All of the expenses that were covered under the original PPP program still apply. These include payroll expenses, mortgage interest payments, rent payments, and utilities.
Are PPP Coverage Changes Retroactive?
The good news is that, yes, the changes to the eligible expenses are considered retroactive and now apply to the original PPP loans. If you have not yet applied for your original loan’s forgiveness, you can include the new covered expenses in your loan forgiveness application.
Maximizing PPP Loan Forgiveness Eligibility
Please remember, in order to be eligible for full forgiveness of your PPP loan amount, you must use at least 60% of the funds on payroll costs (including payroll tax). The amount of funds outside of payroll expenses that will be eligible to be forgiven is based on whether or not you spend 60% of the funds on payroll costs.
So, for example, if you receive a PPP loan for $100,000, but you only spend $54,000 on payroll, the amount you spent on payroll will then be considered as the full 60% of the loan that will be forgiven. As such, you will only be eligible for $90,000 in forgiveness (60% of $90,000 is $54,000).
If it is important for your business to receive full forgiveness of your loan, it is important that you observe these guidelines rigidly. In fact, if your loan is large enough, it may be beneficial to speak to a certified public accountant (CPA) who has been working with businesses on managing their PPP loans. They will be able to provide information and advice based on the specifics of your business and its expenses.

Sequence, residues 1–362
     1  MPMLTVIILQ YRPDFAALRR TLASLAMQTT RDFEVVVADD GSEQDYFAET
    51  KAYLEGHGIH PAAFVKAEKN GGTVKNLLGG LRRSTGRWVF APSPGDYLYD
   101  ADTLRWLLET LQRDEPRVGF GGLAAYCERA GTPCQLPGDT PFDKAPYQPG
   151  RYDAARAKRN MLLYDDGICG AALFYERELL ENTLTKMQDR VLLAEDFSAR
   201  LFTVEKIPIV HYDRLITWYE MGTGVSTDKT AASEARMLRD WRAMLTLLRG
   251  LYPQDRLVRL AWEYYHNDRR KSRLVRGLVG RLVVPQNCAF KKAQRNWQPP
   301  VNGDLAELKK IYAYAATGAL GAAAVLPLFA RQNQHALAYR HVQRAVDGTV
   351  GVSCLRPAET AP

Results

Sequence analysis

Are PPP Second Draw Loans Allowed?
One of the big questions floating around is: Can I apply for another one if I already received a PPP loan? The answer is yes.
Regardless of whether or not you have already received a loan during the first round of PPP loans, as long as you are still eligible to receive a PPP loan, you can indeed apply for another one. Even if you already have a forgiven PPP loan, you are still eligible.
Please note that your business must still be eligible, and changes to your business in the interim between receiving your first and second loan may impact this. For example, if you have managed to begin to expand or grow your business again and the number of employees your business has now exceeds 300, your business would no longer be eligible for a PPP loan.
However, if you are still eligible, all you have to do is submit a new loan application!
To be eligible to take out a PPP loan, your business must have 300 or fewer employees and experienced a 25% decline in gross revenue or gross receipts for any quarter of 2020 compared to the same period in 2019. You must also have used or plan to use all of your original PPP loan. These same qualifications apply to first-time PPP borrowers. As before, this applies to sole proprietors, self-employed independent contractors, and nonprofits as well.
The changes to the PPP covered expenses are definitely a huge help for small businesses across the nation. By taking proper care of how you allocate your funds, you can ensure that you are fully eligible to have all your expenses covered during the 8 to 24 week period you select as your coverage period.
Remember, if you are planning to take out a PPP2 loan, the deadline is March 31, 2021. So, if you are considering utilizing the program, now is the time to set aside other priorities and act. As always, Biz2Credit is here to help, and we will be continuing to post great content about the PPP2 program and other small business resources. So, be sure to continue to check back here at our blog for more information.